Staying under the care of a primary, family doctor is usually adequate for someone who has passed a stone without complications.   If a stone is stuck or in a size and location that threatens the function of the kidney or flow of urine, the urologist’s care is needed.   (Individuals who have recurrent stones may need the care of a nephrologist to manage medications and dietary adjustments to decrease stone formation.)

Intervention to remove a kidney stone is only necessary if the stone does not pass because it is too large or in a difficult location, or if it is blocking the flow of urine or causing debilitating pain, bleeding or infection.  In these acute or urgent cases, Lourdes urologic specialists can use a number of methods to remove kidney stones:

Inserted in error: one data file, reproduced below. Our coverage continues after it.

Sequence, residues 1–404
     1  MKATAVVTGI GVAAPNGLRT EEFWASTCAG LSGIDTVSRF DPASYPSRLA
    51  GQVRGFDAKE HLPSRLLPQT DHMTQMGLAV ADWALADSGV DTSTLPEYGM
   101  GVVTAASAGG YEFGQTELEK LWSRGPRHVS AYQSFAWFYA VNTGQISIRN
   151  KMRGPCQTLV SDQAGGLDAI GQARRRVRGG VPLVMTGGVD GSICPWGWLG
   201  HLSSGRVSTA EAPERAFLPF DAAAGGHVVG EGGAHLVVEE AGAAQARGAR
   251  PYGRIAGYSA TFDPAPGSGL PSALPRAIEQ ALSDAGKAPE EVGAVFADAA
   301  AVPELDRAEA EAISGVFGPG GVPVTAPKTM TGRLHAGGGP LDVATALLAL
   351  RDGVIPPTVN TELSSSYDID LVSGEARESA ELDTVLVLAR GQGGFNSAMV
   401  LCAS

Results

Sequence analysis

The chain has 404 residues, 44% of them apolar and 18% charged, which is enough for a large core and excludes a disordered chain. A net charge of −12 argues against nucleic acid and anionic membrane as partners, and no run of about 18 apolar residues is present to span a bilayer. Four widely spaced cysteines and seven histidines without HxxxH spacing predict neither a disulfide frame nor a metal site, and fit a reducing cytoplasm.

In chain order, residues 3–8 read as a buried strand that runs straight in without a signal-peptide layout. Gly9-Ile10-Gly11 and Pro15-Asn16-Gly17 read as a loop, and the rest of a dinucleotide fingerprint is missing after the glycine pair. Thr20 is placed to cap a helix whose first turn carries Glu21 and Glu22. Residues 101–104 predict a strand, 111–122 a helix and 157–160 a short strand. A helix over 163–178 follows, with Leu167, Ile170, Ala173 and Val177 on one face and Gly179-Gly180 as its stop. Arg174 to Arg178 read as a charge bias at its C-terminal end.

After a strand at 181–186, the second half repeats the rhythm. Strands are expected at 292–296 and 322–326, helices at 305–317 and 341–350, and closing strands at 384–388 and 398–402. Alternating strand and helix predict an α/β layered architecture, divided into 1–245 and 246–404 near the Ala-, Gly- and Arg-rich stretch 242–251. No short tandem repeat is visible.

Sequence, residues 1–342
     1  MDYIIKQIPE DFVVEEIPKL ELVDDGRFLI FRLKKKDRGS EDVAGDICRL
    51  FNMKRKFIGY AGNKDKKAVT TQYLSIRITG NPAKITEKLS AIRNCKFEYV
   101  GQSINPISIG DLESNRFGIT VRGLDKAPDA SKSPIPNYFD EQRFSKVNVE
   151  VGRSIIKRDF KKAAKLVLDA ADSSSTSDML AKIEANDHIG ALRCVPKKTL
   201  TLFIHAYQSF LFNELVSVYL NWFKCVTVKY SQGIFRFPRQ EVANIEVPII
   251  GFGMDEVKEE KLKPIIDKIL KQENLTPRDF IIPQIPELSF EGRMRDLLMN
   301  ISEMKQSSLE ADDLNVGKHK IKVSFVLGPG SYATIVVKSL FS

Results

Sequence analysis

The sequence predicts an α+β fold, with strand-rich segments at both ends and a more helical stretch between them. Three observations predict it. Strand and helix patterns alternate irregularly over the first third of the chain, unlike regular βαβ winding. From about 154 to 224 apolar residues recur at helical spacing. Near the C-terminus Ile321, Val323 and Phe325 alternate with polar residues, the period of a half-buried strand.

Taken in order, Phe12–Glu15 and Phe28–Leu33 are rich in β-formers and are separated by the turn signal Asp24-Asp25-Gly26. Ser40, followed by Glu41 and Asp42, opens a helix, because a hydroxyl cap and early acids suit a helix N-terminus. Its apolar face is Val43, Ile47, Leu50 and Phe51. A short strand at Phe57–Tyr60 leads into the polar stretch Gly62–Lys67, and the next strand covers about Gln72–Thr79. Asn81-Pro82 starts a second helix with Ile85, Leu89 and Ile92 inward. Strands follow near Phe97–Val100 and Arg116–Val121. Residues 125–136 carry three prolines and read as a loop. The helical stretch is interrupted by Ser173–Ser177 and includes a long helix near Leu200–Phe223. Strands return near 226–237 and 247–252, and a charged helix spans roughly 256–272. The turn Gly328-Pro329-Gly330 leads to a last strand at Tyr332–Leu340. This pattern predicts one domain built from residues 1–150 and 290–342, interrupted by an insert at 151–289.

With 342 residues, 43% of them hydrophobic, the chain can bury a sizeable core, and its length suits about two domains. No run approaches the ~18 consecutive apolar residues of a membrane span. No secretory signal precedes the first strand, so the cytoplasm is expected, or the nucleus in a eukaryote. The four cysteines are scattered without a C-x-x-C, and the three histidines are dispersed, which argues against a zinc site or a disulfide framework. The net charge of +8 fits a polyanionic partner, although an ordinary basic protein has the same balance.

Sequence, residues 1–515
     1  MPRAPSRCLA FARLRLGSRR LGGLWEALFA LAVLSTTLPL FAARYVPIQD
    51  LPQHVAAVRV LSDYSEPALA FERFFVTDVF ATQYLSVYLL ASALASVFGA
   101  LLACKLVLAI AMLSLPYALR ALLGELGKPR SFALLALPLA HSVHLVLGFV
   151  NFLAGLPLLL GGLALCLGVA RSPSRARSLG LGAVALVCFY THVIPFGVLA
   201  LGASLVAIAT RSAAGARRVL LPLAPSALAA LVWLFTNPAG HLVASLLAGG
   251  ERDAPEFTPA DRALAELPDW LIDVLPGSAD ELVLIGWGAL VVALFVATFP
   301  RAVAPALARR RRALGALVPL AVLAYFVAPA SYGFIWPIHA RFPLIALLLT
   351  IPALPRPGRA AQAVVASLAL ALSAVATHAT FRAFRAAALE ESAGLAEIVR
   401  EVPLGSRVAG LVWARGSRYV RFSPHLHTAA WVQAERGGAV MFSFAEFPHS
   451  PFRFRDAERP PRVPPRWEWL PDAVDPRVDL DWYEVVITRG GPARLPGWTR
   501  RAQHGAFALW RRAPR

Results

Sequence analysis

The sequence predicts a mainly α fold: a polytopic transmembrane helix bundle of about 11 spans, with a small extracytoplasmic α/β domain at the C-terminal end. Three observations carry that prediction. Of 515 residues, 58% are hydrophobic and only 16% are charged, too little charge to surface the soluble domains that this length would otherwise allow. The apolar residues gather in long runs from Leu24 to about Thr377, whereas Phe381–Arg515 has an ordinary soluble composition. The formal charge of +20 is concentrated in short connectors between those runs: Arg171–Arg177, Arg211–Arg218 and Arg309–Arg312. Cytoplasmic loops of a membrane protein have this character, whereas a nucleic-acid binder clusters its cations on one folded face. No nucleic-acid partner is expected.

• endoscopy. The urologic team can access the stone visually with ureteroscopes, fine, tube-like scopes, and use these instruments to relocate or to disrupt or remove the stones (a process known as ureteropyeloscopy). The scope has its own light source and miniaturized camera to provide a video image of urinary tract.   Introduced up through the urethra, into the bladder and into the ureter (the tube between the bladder and the kidney) under anesthesia, the ureteroscope also permits the team to insert (and later to remove) a ureteral stent to help keep urine flowing when a stone is lodged or moving.   The stent may be left in place while the team uses other means, such as lithotripsy, to dislodge or disrupt the stone.